You Are NOT a University Professor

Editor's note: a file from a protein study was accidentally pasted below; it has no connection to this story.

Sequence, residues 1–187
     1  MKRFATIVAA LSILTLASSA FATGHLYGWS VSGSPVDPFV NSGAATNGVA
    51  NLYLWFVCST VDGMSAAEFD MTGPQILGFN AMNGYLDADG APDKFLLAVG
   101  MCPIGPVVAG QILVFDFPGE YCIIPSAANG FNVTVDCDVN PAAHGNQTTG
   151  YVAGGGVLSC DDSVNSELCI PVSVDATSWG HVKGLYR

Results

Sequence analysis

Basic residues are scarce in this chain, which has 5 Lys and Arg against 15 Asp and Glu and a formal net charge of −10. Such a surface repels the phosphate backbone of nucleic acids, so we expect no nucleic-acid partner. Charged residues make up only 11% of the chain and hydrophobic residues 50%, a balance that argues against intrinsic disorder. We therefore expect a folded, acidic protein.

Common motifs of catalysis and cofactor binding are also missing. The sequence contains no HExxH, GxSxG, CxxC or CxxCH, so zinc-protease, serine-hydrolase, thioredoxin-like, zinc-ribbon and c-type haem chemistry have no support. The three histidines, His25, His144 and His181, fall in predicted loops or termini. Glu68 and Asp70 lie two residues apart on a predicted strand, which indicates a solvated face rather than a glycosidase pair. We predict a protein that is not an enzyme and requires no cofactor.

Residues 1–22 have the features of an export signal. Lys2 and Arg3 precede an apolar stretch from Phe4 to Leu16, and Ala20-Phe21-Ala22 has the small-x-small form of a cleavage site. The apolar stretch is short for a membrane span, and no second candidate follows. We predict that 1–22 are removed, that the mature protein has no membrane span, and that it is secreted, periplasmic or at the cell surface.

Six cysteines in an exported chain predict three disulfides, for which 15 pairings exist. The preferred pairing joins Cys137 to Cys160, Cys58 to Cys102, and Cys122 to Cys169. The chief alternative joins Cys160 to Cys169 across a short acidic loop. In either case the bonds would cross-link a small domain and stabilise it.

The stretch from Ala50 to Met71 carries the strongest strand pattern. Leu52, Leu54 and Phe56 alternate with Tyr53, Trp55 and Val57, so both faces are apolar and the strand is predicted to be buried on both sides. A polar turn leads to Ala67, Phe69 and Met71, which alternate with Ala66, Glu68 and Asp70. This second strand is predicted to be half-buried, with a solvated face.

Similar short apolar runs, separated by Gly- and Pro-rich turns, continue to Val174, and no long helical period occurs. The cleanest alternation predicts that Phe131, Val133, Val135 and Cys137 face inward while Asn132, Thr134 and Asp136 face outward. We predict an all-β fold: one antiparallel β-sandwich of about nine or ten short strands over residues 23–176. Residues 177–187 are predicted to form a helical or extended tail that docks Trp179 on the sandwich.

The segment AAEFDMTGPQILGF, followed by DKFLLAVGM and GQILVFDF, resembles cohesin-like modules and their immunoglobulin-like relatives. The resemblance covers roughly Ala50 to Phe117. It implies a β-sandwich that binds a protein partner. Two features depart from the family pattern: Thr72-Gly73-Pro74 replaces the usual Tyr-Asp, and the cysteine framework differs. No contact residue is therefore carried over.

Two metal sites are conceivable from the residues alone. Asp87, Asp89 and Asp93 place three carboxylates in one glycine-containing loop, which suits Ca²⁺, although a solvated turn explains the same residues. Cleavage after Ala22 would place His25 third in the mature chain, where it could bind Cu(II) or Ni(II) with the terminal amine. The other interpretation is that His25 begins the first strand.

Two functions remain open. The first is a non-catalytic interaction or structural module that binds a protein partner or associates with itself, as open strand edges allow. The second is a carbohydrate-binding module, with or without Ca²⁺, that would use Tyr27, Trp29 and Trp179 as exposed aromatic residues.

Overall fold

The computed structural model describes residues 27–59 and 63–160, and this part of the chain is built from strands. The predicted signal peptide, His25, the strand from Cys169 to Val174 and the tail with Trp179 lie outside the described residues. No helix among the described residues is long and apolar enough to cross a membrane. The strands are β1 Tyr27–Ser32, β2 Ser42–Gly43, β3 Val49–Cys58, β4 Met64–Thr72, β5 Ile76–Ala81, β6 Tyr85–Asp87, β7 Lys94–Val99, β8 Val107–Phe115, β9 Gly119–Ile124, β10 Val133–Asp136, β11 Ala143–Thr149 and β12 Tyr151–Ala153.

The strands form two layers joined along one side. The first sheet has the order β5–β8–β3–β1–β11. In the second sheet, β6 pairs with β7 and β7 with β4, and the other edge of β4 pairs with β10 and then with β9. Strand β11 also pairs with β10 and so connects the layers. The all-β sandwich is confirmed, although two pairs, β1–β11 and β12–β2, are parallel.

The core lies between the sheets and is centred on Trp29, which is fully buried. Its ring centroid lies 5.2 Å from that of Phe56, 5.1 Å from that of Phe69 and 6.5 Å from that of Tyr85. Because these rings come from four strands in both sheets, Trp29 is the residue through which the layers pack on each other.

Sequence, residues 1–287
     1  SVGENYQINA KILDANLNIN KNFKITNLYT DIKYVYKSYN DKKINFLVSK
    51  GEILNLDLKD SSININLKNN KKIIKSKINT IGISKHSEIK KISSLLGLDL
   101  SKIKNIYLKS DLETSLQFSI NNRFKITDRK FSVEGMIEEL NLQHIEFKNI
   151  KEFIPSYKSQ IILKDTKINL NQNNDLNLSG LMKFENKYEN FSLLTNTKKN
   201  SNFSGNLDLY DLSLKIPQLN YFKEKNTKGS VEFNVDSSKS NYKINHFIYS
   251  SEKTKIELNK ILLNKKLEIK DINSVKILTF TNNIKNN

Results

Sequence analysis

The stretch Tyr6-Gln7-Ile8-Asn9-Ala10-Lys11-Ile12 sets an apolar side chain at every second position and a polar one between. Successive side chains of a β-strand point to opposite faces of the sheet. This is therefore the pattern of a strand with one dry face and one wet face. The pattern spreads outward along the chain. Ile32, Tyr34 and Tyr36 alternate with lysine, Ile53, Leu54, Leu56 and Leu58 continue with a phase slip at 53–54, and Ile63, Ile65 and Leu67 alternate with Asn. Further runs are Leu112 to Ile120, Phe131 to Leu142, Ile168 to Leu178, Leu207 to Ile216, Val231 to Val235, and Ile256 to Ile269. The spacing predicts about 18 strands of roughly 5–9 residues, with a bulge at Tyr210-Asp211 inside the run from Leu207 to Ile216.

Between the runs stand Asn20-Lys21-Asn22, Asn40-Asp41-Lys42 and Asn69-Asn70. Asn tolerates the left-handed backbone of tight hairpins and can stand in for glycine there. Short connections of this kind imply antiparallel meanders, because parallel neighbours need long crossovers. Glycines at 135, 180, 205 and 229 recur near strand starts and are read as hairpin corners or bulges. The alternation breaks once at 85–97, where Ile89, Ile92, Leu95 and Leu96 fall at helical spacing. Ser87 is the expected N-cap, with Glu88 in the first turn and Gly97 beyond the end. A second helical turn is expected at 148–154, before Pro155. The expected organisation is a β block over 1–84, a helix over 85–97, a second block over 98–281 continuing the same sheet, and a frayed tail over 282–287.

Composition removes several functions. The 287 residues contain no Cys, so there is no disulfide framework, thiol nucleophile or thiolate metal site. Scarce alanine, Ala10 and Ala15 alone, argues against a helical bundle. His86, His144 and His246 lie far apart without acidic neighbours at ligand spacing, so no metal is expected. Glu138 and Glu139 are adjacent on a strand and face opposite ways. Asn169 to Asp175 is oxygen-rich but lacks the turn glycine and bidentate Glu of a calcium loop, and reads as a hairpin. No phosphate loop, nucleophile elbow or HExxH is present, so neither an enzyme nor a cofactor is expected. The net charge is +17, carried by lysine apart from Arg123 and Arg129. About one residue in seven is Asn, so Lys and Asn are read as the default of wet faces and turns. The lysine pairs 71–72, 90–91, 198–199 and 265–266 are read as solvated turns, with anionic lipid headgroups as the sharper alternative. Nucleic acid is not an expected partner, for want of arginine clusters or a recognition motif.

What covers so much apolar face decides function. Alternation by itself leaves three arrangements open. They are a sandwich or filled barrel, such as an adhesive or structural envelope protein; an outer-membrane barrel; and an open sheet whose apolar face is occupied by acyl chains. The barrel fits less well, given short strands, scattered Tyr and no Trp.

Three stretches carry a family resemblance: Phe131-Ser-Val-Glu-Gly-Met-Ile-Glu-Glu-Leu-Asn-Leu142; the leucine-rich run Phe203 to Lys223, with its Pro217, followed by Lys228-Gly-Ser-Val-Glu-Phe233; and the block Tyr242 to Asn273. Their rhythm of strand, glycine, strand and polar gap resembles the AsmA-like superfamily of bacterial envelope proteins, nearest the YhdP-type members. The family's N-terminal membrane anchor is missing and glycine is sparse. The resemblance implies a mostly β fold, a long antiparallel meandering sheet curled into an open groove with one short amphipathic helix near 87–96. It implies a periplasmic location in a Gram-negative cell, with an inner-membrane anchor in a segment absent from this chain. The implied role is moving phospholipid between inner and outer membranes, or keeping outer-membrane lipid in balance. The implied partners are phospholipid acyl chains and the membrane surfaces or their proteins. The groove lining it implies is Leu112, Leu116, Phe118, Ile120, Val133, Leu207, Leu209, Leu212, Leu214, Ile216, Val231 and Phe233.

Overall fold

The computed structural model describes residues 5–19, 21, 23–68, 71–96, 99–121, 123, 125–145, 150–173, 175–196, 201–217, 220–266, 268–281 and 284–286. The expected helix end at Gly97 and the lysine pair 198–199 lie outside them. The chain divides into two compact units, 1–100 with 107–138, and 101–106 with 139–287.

Once you've spent more than 30 years in a profession, serving admirably and with literally hundreds of collegial connections, you can't escape it. You don't need to be the 'go-to' person; you don't need to be someone who built an empire. But you have connections, and usually they are your connections because they trust you and find your opinion and practice worthy. Above all, they know you've got the numbers down: numbers of years of experience. A recent call from a colleague had to do with the professional ethics of teaching. Specifically, a credentialed individual who is mutually known to my colleague and me, listed themselves as being a University Professor. What?! Hold it right there, partner. Everyone I know who holds any one of the many education-related credentials available in California also knows that it is unethical to misrepresent one's own professional experience or qualifications - or to submit or publish in print or digitally any document in connection with professional activities that is misleading or exaggerated. Moreover, whether this is done willingly and knowingly, or out of ignorance and neglect, misrepresentation can result in damages being awarded in court, and loss of all licences (known as credentials in the teaching world). It's unethical, yes; and immoral. It's also illegal, and constitutes fraud. To be an associate or a full professor is a substantial accomplishment. Both are positions of significance, requiring years of professional practice in your field. Simply because you presented information, a lecture, a seminar, or a workshop at a post-secondary institution does not make you a professor - nor even an instructor. Years ago, I presented a seminar-style workshop for undergraduate students at the University of Pacific. I was not under contract, nor on a tenure track, nor given a position with title to do this. I was neither an instructor, nor a teacher for the University of Pacific - and I most certainly was not a University Professor. However, I was an instructor for the Fortune School of Education, contracted to teach full coursework for several courses for full credit to graduate students. But that didn't make me a professor of any kind. Nor was I ever under the delusion that it did. As a faculty member, it's possible that you may be appointed as an assistant professor. That's if you want to follow that route, and often doctoral students seek this assignment. After 3-7 years of probation, with exemplary work, you can be promoted to associate professor. As an associate professor you will spend a number of years both teaching and doing research. Heavy emphasis is placed on research. The research needs to be thorough and timely; it must be submitted to a peer review, and then be published in a professional journal. We aren't talking about a one-shot deal here. We are talking about years of continuous scientific-based research that is strong enough to withstand the rigors of the peer-review process, that is also hardy and significant enough to warrant enough interest by professional organizations that it is published. It is generally expected that 60% of your time will be dedicated to research, with several pieces of research reaching publication during your tenure as an associate professor. Eventually, you may be promoted, by appointment, to the position of full professor. But 'University Professor' - now that's another beast. In the entire University of California system since 1960, only 38 faculty members have been appointed the honor of University Professor. It's not a term to fling about carelessly. This is a titled position bestowed upon scholars of international distinction who are recognized and respected as teachers of exceptional ability. Here are four actual, bona fide University Professors. 1. Melvin Calvin, a University Professor of Chemistry; discovered the Calvin Cycle, for which he earned the distinction of Nobel Laureate.